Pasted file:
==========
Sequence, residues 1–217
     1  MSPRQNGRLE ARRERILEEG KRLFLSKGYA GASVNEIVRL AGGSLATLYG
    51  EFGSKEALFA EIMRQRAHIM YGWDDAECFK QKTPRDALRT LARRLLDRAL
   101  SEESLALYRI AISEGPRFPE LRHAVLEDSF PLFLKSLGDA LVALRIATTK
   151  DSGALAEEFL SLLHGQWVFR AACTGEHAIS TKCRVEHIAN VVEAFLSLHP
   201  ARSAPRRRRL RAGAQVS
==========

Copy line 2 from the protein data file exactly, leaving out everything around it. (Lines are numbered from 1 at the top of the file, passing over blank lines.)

     1  MSPRQNGRLE ARRERILEEG KRLFLSKGYA GASVNEIVRL AGGSLATLYG